Arizona Health Care Cost Containment System's dental coverage is limited. According to Winterholler, AHCCCS covers the bare minimum -- mostly emergency procedures like extractions.

Each time Marceline left the dental office -- minus a tooth -- her appearance was different, but she didn't notice. She likened the changes to aging.

"It's a gradual process. I never noticed that I looked this way," said Marceline.

The Extreme Smile Makeover Contest drew in 42 applicants from all walks of life. The advertising campaign began in early summer of this year. Five panel member, all of whom had experienced full-mouth reconstructions, were given the task of choosing one person to receive $30,000 worth of dental services.

"Our committee was so awesome, " said Payson Dental Care office manager, Gail Sachak. "They took it very seriously."

The panel pored over life stories; some scrawled on notepaper, others typed neatly on white copy paper. All desperate to improve their appearances and well-being.

There were letters from businessmen: "My upper teeth are worn down to the stubbs ... this condition has affected my speech ... there are times when people don't understand what I'm saying."

Housewives wrote in: "I was diagnosed with a rare illness. The doctors gave me two to eight weeks to live. Through an aggressive course of treatments I've been given a second chance at life. My two front teeth are caps and I've developed an allergy to the metal posts, which causes my teeth to turn blue."

Reformed drug addicts looking for a second chance: "As a child I had good dental care ... I was already doing drugs which I suppose was starting the decline in my teeth ... During years of drug abuse, I managed to keep a job, but neglected my health."

And from grandmothers: "I am a 45-year-old grandmother of six ... I was 16 the last time I went to a dentist ... I am very self-conscious about my smile ... We don't have the means to do so (go to the dentist) because I always put the kids first."

The panel chose five finalists who received an exam, full mouth X-rays and a professional cleaning.

According to Winterholler, the panel ultimately decided on Marceline because she had the best chance for restoration without major surgery.

"She wasn't the worst case," said Winterholler. "But she had a lot of potential."

Winterholler started by removing three bad teeth and doing a full periodontal cleaning. Gum disease, he said, is the leading cause of tooth loss in American adults.

"We removed five to 10 years worth of tartar beneath the gum line," said Winterholler.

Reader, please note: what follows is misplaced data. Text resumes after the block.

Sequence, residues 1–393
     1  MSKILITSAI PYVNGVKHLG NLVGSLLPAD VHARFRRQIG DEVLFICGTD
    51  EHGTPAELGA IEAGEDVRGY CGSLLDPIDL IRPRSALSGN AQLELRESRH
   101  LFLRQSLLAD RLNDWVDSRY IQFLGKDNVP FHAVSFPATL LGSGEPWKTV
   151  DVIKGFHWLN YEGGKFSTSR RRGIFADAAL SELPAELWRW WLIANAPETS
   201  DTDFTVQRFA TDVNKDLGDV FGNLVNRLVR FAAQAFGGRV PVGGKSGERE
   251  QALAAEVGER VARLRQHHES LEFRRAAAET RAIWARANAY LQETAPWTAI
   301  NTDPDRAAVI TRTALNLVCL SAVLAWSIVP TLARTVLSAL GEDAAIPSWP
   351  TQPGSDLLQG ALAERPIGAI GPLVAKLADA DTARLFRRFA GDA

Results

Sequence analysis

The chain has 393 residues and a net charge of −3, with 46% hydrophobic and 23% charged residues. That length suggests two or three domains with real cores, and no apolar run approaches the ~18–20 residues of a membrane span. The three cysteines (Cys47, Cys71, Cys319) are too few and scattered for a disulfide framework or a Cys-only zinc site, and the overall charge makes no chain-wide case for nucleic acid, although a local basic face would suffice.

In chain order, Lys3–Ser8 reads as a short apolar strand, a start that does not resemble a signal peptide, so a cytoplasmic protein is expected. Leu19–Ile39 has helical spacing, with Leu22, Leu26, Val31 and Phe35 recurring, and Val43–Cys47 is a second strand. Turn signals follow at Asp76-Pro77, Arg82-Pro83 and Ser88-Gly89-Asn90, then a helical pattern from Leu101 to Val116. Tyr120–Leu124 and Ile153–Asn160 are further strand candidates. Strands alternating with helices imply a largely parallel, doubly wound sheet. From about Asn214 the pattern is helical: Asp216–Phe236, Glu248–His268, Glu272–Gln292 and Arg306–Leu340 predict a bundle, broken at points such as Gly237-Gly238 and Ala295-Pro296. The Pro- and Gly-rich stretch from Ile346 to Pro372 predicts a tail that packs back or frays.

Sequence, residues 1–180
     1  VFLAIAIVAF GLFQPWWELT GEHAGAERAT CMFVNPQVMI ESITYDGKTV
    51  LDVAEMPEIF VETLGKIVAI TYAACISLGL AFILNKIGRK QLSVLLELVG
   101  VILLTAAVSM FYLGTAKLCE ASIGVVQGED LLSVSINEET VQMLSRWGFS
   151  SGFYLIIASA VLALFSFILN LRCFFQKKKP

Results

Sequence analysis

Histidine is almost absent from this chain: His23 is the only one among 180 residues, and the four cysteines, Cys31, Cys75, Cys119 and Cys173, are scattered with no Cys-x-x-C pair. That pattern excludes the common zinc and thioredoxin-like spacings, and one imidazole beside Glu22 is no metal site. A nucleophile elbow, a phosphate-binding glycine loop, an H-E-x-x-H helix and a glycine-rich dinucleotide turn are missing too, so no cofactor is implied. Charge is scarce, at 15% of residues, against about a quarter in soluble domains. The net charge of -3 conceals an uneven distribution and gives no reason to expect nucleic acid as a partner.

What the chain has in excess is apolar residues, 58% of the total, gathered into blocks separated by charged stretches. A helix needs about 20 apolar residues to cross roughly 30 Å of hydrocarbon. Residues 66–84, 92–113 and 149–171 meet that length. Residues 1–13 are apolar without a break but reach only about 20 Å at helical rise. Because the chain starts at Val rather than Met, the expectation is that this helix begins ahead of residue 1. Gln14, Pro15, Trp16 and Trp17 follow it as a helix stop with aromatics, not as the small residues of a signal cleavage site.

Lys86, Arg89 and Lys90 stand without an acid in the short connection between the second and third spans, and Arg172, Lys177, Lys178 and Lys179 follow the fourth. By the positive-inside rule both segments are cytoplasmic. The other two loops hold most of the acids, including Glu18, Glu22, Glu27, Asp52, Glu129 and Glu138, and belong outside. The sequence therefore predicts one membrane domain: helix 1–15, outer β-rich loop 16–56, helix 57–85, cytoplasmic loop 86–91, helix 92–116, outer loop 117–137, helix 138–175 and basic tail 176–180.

Then, Winterholler prepped Marceline's mouth for implants, bridges and crowns.

"I did it the way I'd want it done in my own mouth," said Winterholler.

Part of that reconstruction involved rebuilding Marceline's bite. When her treatment began, according to Winterholler, Marceline's canines -- the pointy front teeth that serve as the bite's foundation -- were gone, making her face collapse, which is why Marceline appeared older.

Winterholler committed to reconstructing this portion of Marceline's mouth first, giving her instant results.

"I immediately looked better," said Marceline. "The whole time I felt like a painting. I felt like a work in progress. It was really cool."

Marceline's transformation over the past five months is remarkable. Not only has her self-image improved, she's smiling and laughing.

"I feel beautiful again. I feel totally different." said Marceline. "My boyfriend would say, ‘You have no sense of humor,' because I didn't laugh out loud because my teeth would show."

Marceline said this gift from Payson Dental Care is a blessing.

"You expect to feel like a charity case and I never felt that way. They made me feel special," said Marceline. "I don't even know how to say, ‘Thank you,' to them."

Marceline stressed that she experienced no pain during her treatment and encouraged even the most fearful to visit the dentist.

"It was an honor to complete treatment for Laura," said Winterholler speaking on behalf of the staff at Payson Dental Care. "We plan on making the contest an event every other year or so. I've been taught that cosmetic dentistry can change a person's life. Laura is proof that can happen."

For more information, call Payson Dental Care at (928) 474-2200.